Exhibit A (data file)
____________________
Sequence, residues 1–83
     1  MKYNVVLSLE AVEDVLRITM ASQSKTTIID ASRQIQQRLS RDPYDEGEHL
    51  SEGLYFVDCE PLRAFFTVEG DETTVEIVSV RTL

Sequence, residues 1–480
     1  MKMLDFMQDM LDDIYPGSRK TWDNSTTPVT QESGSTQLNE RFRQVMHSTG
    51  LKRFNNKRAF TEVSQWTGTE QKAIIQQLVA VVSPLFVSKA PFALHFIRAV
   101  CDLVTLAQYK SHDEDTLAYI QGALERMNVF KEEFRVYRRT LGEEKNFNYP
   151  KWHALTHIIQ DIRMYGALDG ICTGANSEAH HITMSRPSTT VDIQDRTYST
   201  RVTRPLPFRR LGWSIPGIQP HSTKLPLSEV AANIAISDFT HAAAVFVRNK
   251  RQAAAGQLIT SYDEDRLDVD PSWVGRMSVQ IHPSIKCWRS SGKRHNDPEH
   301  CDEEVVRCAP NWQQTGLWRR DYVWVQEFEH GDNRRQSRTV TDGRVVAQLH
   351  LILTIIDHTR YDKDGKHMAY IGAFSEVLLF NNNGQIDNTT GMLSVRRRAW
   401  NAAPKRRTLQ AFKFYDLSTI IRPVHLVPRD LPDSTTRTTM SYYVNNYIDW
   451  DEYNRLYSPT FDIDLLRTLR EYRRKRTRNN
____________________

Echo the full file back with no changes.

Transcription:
Sequence, residues 1–83
     1  MKYNVVLSLE AVEDVLRITM ASQSKTTIID ASRQIQQRLS RDPYDEGEHL
    51  SEGLYFVDCE PLRAFFTVEG DETTVEIVSV RTL

Sequence, residues 1–480
     1  MKMLDFMQDM LDDIYPGSRK TWDNSTTPVT QESGSTQLNE RFRQVMHSTG
    51  LKRFNNKRAF TEVSQWTGTE QKAIIQQLVA VVSPLFVSKA PFALHFIRAV
   101  CDLVTLAQYK SHDEDTLAYI QGALERMNVF KEEFRVYRRT LGEEKNFNYP
   151  KWHALTHIIQ DIRMYGALDG ICTGANSEAH HITMSRPSTT VDIQDRTYST
   201  RVTRPLPFRR LGWSIPGIQP HSTKLPLSEV AANIAISDFT HAAAVFVRNK
   251  RQAAAGQLIT SYDEDRLDVD PSWVGRMSVQ IHPSIKCWRS SGKRHNDPEH
   301  CDEEVVRCAP NWQQTGLWRR DYVWVQEFEH GDNRRQSRTV TDGRVVAQLH
   351  LILTIIDHTR YDKDGKHMAY IGAFSEVLLF NNNGQIDNTT GMLSVRRRAW
   401  NAAPKRRTLQ AFKFYDLSTI IRPVHLVPRD LPDSTTRTTM SYYVNNYIDW
   451  DEYNRLYSPT FDIDLLRTLR EYRRKRTRNN